• Food Republic Logo
  • October 29, 2013

    The World’s 11 Best Super Secret Supper Clubs

    New York: Bunna Café. Based in Bushwick, New York’s newest pop-up dishes out Ethiopian vegan fare at parties and festivals like the BK Night Bazaar. The recently launched dinner series, Habesha Nights, is held at clandestine venues throughout Brooklyn and Manhattan. Prices, locations and times vary, but all include Chef Kedija Ali’s crowd-pleasing cooking, like slow-simmered sweet vegetable keysir and spicy red lentils in berbere sauce... [full article]
  • Gothamist Logo
  • August 21, 2013

    The 9 Best Vegan Dishes In NYC

    LUNCH FOR TWO AT BUNNA CAFE: This Bushwick-based Ethiopian eatery's been doing pop-up dinners around the city for the past few years, but recently they've set up temporary shop on the weekdays at Flushing Ave joint Mama Joy's, serving up affordable, spicy vegan food to a midday lunch crowd. They offer a selection of ethnic dishes to try and you can pick-and-choose at will, but we're fans of the all-encompassing Lunch for 2, a $13 shared platter of all six dishes... [full article]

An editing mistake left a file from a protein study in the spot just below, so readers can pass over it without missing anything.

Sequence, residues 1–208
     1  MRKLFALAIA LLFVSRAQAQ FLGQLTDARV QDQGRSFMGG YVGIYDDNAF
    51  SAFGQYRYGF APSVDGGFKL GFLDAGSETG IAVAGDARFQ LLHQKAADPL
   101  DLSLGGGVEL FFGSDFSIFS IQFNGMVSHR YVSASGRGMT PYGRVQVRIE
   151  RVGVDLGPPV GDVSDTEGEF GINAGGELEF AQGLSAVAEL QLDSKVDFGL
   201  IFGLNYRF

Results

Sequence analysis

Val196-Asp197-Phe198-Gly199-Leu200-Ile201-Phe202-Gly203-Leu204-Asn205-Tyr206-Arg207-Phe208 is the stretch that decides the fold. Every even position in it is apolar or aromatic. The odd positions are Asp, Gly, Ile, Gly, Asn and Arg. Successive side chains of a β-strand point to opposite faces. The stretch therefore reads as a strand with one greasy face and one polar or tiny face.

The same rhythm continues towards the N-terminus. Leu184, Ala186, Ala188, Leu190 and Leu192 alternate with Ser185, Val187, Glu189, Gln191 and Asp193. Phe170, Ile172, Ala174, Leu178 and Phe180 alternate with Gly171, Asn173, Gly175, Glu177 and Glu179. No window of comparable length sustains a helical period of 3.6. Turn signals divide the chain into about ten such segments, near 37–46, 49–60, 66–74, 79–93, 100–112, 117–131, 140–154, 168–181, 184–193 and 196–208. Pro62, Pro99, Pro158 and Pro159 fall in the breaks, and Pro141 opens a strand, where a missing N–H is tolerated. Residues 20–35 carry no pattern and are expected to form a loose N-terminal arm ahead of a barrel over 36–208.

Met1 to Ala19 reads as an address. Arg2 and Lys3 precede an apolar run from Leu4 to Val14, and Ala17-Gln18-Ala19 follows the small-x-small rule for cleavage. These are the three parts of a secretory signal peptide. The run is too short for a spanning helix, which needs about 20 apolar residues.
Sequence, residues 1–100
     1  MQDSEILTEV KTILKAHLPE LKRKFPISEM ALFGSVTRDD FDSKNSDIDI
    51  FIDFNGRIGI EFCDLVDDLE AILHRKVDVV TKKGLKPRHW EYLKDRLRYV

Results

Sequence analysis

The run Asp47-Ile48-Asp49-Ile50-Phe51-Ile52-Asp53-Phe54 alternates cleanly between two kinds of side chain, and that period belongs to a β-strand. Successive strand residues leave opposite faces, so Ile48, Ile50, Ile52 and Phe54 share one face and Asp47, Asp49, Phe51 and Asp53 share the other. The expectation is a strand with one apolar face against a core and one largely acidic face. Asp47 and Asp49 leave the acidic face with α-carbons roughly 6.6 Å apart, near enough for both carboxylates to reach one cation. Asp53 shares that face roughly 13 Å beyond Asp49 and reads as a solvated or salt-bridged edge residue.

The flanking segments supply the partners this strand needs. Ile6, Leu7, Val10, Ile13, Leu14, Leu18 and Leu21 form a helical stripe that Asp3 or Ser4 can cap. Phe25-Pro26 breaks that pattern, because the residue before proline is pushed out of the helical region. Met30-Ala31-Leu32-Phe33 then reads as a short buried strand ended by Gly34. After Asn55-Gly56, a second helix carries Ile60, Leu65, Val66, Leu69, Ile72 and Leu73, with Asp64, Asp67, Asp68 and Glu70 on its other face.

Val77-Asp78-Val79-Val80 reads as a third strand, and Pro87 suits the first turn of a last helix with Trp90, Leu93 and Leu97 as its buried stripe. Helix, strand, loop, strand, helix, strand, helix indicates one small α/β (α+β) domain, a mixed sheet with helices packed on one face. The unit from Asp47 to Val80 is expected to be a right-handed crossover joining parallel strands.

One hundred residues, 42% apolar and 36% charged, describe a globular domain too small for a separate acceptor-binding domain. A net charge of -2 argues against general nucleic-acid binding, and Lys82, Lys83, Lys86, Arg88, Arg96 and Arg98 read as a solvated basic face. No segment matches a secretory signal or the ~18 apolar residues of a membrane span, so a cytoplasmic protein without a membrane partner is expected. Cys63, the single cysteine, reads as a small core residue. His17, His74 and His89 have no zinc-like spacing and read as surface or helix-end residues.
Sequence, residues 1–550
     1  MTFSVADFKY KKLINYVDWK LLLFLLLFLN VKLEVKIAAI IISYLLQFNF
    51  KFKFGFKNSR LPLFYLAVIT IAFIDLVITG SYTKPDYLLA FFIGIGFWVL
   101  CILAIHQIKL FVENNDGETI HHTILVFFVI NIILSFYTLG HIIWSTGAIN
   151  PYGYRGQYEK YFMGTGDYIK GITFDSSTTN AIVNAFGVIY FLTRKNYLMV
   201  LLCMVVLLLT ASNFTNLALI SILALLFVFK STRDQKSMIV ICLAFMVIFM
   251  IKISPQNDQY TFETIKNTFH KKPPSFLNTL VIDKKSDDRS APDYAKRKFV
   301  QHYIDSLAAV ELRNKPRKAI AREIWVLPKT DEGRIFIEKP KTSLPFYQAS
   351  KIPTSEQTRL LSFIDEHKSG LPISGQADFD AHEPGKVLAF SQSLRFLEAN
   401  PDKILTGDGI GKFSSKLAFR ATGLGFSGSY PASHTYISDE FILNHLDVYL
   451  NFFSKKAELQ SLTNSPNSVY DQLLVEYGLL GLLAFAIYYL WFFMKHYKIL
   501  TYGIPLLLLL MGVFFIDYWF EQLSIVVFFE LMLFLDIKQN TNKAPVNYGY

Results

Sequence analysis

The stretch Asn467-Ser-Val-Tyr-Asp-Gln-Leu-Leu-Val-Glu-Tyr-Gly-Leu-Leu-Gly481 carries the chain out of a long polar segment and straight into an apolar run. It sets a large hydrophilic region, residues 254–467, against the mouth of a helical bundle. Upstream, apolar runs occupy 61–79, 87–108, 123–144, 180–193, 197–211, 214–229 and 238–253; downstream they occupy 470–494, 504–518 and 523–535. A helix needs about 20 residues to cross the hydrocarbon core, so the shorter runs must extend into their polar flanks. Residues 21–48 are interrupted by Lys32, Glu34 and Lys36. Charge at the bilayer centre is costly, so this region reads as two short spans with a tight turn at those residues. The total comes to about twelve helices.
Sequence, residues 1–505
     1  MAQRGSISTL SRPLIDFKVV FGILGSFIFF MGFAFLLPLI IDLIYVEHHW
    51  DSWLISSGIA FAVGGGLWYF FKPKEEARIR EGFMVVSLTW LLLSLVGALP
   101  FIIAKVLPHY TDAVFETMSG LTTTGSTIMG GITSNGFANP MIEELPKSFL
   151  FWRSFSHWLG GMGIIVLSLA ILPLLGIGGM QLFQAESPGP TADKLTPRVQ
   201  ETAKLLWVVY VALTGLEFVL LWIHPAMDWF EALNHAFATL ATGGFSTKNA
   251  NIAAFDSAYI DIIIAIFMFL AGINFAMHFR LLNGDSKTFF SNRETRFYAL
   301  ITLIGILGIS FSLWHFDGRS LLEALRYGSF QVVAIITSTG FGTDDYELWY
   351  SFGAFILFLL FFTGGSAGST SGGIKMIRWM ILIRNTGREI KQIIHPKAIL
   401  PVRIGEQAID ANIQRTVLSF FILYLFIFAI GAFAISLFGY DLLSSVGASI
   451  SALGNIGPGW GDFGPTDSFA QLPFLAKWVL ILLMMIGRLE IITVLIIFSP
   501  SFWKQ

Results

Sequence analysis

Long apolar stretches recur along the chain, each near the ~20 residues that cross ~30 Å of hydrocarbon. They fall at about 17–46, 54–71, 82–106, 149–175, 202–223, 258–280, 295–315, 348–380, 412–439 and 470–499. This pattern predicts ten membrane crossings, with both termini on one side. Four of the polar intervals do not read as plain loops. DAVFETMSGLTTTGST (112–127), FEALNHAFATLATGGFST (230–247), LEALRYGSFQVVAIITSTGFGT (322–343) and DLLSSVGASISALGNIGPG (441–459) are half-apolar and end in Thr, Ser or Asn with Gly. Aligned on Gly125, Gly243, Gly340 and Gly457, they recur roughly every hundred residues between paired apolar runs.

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  • July 13, 2013

    An Ethiopian Pop-Up Restaurant Brings New Energy to the Bushwick Food Scene

    Bunna Cafe has been hosting dinners around New York City for the past year and their vegan Ethiopian fare has gained a following if their last event at The Drink on Manhattan Avenue in Brooklyn is any indication.
    A small, three-person operation, Sam Saverance, along with his two Ethiopian partners, hope to continue offering their version of Ethiopian vegan food to city dwellers in a permanent home by 2014... [full article]
  • Bedford and Bowery Logo
  • April 29, 2013

    Chasing Bunna Cafe, Ethiopian Pop Up Restaurant

    Bunna Cafe has become a staple in Brooklyn’s pop-up food shop trend, bringing their mouth-watering Ethiopian food to bars and fairs in Bushwick and beyond. You may have seen them dolling out the Injera (Ethipian spongy sourdough bread) at the Bushwick Block Party last summer, rocking it at the BK Night Bazaar this winter, or as the busiest booth at Pine Box’s Vegan Pop Up shops every second Saturday of the month. If you haven’t been able to catch up with this ambitious on-the-go restaurant yet, your opportunities are becoming more numerous... [full article]